Reversing a Rising Tide of Chronic Conditions by Ronica A. O’Hara The statistics are startling—as many as a quarter to one half of American children now have a diagnosed chronic condition, according to studies that include one in Academic Pediatrics that includes obesity. Over the last few decades, the number of children with asthma has tripled to affect one in eight; those with attention deficit hyperactivity disorder (ADHD) have doubled to one in 10; and autism diagnoses have increased at least 10-fold, to affect one in 50 (one in 31 boys).
Fresh Hope for a Troubled Planet by Linda Sechrist Recognizing that it might be too late by the time they are older, many young people are already acting collectively and across partisan aisles on everything from climate change and the environment to gun control, gender equality, social justice, education and politics.
How to Power Up Their Defenses by Marlaina Donato Strong immunity is a cornerstone of optimum health, and may be weakened or enhanced by what we eat and how we manage our emotions. Starting young in incorporating good ongoing habits can go a long way toward building a better immune response to whatever a person encounters.
Why Less Means More Happiness by Deborah Shouse Parents wishing to simplify child-raising seek less stress and more fun; less scheduling and more casual time; less “shoulds” and more “want-tos” less second-guessing and more confidence. For a happier family life, experts encourage parents to stay true to their own values, strengths and sense of family purpose, focusing on the wonders of their children instead of endless daily tasks. It begins with each child feeling loved.
Gardening Connects Kids to Nature by Barbara Pleasant Children benefit from a close connection with nature, and there’s no better place to learn about plants and soil than a garden. Families don’t need lots of space, as even a small collection of potted plants holds fascination for youngsters. The first step is to understand a garden as seen by a child that may be more interested in creative play than in making things grow.
Kids Love These Homemade Drinks by Judith Fertig At day camp or the pool, on the playing field or in the backyard, kids can get really thirsty, especially as temperatures climb. Although filtered water is always a good choice, sugary, carbonated, artificially colored and flavored beverages can be tempting. Having homemade options ready can entice kids to stay hydrated in a healthy way.
Nature Helps Kids Build Skills and Character by April Thompson A movement is afoot to get kids grounded in nature. Wilderness awareness programs, also known as primitive skills or Earth-based education, teach life-changing survival skills that build courage, compassion and camaraderie. “We help youth experience a true aliveness in nature. Kids gain knowledge of the outdoors and increase awareness, confidence and self-reliance, while having fun, positive experiences,” says Dave Scott, founder of the Earth Native Wilderness School, in Bastrop, Texas.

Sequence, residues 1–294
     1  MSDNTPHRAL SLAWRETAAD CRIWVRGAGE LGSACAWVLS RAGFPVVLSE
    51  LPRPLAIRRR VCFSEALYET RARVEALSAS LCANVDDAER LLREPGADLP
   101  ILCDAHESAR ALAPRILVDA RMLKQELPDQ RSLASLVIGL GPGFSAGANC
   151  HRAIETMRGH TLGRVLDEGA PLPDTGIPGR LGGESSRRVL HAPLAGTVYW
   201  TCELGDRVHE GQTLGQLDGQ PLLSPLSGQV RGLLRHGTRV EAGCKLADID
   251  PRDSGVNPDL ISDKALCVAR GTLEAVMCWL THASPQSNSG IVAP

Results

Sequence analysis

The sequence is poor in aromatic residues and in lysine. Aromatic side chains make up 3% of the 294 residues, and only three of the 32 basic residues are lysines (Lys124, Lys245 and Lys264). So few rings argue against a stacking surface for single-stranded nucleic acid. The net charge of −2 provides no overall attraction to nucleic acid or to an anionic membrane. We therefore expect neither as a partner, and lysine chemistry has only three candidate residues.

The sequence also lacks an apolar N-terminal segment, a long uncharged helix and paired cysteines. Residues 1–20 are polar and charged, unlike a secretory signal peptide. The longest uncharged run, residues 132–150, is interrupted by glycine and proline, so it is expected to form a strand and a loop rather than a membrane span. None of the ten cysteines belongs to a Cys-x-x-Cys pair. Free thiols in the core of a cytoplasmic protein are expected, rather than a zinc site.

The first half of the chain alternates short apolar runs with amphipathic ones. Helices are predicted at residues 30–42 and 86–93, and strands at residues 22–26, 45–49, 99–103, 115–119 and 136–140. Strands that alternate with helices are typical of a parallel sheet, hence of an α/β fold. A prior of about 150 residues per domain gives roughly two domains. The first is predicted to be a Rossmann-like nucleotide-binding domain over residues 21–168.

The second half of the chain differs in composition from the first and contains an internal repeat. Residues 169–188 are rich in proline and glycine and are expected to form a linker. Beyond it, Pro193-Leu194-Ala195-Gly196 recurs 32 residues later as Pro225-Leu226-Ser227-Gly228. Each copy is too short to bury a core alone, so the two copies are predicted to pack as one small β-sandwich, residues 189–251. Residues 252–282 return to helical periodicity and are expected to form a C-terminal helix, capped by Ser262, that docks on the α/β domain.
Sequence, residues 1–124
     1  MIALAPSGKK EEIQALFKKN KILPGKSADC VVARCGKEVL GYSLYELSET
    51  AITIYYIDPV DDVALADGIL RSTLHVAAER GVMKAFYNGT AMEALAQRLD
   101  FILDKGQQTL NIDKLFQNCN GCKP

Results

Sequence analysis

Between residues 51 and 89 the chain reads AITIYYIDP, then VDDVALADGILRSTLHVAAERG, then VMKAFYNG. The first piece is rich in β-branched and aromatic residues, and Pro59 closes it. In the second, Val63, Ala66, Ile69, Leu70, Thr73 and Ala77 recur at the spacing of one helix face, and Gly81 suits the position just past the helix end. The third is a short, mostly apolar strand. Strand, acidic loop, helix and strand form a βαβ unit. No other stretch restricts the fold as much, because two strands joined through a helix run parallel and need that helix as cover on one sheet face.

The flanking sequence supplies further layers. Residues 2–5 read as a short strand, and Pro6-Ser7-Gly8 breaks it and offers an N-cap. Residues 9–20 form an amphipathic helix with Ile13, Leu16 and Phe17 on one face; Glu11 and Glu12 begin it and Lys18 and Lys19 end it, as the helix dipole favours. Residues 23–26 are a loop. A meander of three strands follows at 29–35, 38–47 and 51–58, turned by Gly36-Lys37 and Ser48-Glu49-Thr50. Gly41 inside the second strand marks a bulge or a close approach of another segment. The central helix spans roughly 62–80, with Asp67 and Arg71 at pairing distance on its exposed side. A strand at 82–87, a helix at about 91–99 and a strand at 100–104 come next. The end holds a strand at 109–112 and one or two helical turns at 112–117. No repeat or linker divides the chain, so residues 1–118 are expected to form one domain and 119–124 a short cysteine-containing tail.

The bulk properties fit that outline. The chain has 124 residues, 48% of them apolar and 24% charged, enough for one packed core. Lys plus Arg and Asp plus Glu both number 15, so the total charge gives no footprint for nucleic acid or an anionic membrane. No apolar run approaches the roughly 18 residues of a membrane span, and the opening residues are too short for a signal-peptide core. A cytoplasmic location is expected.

Five Steps to Positivity by Tamar Chansky This is a family master plan for helping both children and adults resist negative thinking. Step One: Empathize with a Child’s Experience While the desired outcome is to help a child embrace a different point of view of their situation, the first goal is not to come on too strong with an agenda of
How Teens Can Learn to Love Their Looks by Amber Lanier Nagle Many young women don’t feel comfortable in their own skin. A 21st-century global study sponsored by Unilever’s Dove brand found that 90 percent of girls from 15 to 17 years old wanted to change at least one aspect of their physical appearance, especially their body weight. University of Minnesota research following adolescents for 10 years showed that about half of the female participants had dieted in the previous year, twice the number of males.
Food Choices that Prevent Obesity by Amber Lanier Nagle Small changes in daily eating routines translate into healthier weight for America’s kids. In 2010, President Obama and Michelle Obama launched Let’s Move! as their signature initiative to tackle epidemic levels of U.S. childhood obesity. While modest progress has been made, it remains a public health crisis. A brief by the U.S. Centers for Disease Control and Prevention reported that the obesity rate remained fairly stable at nearly 17 percent between 2011 and 2014 for children 2 to 19 years old.